This week’s posts are an attempt to understand the influence of parenthood on poetic practice. How do these (sometimes conflicting, it feels!) vocations inform one another? How can the reading habits of the very young help us become better writers? Better readers? And what can poetry teach us about parenting?


Recently, my daughter has begun spotting “Dog” everywhere. In books, during walks, embroidered on decorative pillowcases at Anthropologie (no, that’s a fox, darling…). She points, mouth puckered into a little “o” of discovery, grunts “ohh— ohh—.” We think this means “Woof, woof,” which makes sense, since now that I’m a parent, I’m weirdly incapable of pointing out any fish, fowl, or land animal without also asking, “What does the _____________ say?”

When “reading,” she searches out pictures of dogs and will flip pages furiously until she finds one. “Ohh, ohh.” Are we so different, as poets? We’re drawn to recognizable forms, images that haunt. The hand pressed against the windowpane. The stained coffee mug in the sink. These motifs emerge, ghostlike, everywhere in our poems. I recently taped the pages of a manuscript I’ve been revising up on a wall, only to see the word “face” appear over and over again. An unnerving experience, considering that it was never my intention to write a project about the human face. Yet, there it is. Face, face.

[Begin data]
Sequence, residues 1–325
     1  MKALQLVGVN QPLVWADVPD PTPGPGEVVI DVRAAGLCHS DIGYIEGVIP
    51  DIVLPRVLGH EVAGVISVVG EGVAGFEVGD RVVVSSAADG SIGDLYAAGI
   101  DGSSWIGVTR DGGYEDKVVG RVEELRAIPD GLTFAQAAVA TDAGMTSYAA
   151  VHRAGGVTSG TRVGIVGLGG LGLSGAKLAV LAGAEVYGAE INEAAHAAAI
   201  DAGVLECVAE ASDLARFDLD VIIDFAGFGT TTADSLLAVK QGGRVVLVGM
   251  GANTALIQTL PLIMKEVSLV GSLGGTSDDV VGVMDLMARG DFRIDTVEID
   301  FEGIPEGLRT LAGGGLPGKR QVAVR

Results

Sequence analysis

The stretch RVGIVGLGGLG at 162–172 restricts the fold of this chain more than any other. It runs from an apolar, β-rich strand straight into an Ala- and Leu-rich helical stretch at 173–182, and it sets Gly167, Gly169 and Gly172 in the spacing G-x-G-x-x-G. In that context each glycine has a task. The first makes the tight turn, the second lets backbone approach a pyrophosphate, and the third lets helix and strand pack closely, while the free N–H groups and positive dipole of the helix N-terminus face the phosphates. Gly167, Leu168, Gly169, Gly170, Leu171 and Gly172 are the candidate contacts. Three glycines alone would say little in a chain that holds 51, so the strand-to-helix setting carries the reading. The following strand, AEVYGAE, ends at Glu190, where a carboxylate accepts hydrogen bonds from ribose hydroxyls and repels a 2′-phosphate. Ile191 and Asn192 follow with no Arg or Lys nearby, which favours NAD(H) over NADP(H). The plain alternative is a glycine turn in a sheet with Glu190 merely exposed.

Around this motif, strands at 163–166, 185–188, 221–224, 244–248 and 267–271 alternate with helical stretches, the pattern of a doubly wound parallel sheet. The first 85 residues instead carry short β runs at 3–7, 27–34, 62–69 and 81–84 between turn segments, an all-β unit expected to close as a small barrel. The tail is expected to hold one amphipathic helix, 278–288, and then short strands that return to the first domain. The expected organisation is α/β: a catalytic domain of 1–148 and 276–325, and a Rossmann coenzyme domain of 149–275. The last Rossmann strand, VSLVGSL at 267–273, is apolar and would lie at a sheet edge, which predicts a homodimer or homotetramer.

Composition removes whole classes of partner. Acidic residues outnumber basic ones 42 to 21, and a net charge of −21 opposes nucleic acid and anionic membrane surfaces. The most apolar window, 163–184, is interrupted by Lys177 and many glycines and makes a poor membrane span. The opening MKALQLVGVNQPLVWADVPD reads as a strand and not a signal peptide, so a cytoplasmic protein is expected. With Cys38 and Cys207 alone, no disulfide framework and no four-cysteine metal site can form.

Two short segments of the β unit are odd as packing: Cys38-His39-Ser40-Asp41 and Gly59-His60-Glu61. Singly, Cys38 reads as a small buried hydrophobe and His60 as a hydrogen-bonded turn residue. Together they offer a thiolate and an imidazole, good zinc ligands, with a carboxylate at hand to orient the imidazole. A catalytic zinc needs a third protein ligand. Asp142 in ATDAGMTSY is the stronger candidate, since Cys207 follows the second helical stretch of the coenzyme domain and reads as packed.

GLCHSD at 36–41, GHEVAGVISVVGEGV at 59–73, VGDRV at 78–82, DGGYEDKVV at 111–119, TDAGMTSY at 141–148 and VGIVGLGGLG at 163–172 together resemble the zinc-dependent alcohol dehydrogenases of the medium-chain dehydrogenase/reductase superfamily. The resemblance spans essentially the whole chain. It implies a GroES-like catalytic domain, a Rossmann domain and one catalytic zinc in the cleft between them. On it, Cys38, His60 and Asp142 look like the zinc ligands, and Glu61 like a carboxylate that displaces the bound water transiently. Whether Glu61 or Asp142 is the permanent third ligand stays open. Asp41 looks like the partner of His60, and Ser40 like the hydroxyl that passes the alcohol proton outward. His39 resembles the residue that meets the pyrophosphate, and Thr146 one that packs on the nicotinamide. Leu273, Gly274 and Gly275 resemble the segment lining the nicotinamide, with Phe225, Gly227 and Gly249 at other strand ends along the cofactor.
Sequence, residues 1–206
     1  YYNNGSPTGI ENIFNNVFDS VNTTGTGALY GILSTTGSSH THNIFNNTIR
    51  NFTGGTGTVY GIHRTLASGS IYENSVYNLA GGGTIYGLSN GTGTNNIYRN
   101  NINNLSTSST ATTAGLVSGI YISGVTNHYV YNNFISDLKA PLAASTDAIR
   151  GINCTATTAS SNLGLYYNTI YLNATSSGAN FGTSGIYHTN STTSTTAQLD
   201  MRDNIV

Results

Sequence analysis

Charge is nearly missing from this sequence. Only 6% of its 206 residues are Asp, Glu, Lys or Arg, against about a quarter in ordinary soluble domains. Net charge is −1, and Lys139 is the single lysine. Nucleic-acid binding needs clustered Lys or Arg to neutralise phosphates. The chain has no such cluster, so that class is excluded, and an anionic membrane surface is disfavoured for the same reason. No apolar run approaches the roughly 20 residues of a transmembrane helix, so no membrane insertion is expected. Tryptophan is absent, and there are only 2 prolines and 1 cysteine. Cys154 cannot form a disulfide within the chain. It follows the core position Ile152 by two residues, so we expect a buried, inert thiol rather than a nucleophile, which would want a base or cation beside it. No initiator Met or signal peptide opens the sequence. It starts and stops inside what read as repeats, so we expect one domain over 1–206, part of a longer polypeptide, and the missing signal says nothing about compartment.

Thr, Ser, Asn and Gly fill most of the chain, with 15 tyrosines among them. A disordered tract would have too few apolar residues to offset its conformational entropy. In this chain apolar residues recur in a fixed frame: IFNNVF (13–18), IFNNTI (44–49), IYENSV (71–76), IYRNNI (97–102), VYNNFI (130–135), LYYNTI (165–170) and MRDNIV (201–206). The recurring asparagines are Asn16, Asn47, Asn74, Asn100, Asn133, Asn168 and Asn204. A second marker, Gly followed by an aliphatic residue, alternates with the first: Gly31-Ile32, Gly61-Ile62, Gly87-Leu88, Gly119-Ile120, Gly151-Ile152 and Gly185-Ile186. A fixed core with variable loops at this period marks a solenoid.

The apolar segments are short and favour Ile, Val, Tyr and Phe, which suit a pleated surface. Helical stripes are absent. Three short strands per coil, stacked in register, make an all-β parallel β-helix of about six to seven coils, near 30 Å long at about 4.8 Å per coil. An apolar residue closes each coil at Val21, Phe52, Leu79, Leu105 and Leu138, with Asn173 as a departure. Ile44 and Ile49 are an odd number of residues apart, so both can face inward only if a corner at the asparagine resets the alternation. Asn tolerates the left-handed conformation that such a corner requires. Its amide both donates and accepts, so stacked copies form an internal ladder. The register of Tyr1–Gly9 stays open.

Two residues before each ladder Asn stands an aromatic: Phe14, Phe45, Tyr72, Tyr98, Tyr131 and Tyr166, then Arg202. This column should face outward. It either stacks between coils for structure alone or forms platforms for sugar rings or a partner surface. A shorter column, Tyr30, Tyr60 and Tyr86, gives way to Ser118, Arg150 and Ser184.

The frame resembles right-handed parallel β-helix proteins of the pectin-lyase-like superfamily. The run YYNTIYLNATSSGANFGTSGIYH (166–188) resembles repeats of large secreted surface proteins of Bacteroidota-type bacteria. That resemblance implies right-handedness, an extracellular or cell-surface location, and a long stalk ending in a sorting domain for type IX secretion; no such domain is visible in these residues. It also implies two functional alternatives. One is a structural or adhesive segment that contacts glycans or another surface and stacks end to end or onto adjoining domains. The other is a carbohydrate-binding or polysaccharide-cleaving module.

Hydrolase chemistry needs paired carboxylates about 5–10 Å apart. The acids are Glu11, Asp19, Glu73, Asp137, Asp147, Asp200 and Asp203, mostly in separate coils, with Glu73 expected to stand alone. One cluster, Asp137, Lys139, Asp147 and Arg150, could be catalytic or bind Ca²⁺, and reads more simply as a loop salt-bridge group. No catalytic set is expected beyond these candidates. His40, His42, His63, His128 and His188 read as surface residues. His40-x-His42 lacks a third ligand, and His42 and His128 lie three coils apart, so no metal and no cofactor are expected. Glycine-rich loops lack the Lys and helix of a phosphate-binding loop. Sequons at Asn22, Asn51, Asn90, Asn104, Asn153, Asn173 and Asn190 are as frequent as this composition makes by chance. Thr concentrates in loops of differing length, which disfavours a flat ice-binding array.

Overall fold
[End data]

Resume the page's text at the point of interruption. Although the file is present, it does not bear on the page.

What haunts us, draws us back? Dog. Dog. Soon we’re searching for it everywhere, spotting it in places that bear only the remotest likeness. Teddy? Panda? Close enough. This is the poet-mind that latches on to a form and, once recognizing it, fixates and will not let go. Whether we’re aware of it or not, we’re often claimed by some cadence or unusual image, which holds on until it’s through.

It’s possible that we’re not that far removed from our infant selves: pointing, naming. Ohh! Ohh! Our poems are sparks of recognition, moments of familiarity in the midst of life’s bewildering muddle. Or, they’re attempts to render the unfamiliar in terms we can understand, to build a linguistic apparatus by which we can make (sometimes mistaken) sense of the world. That creature there—black and white patches on its face, a striped tail— Dog? No, darling, that’s a raccoon… But what matters most is the mind at work, the act of perception. The art’s in the articulation.

Mia Ayumi Malhotra is a 2012 Kundiman Fellow and the mother of a ten-month-old. She teaches and lives in the Bay Area. Visit her website at miamalhotra.com.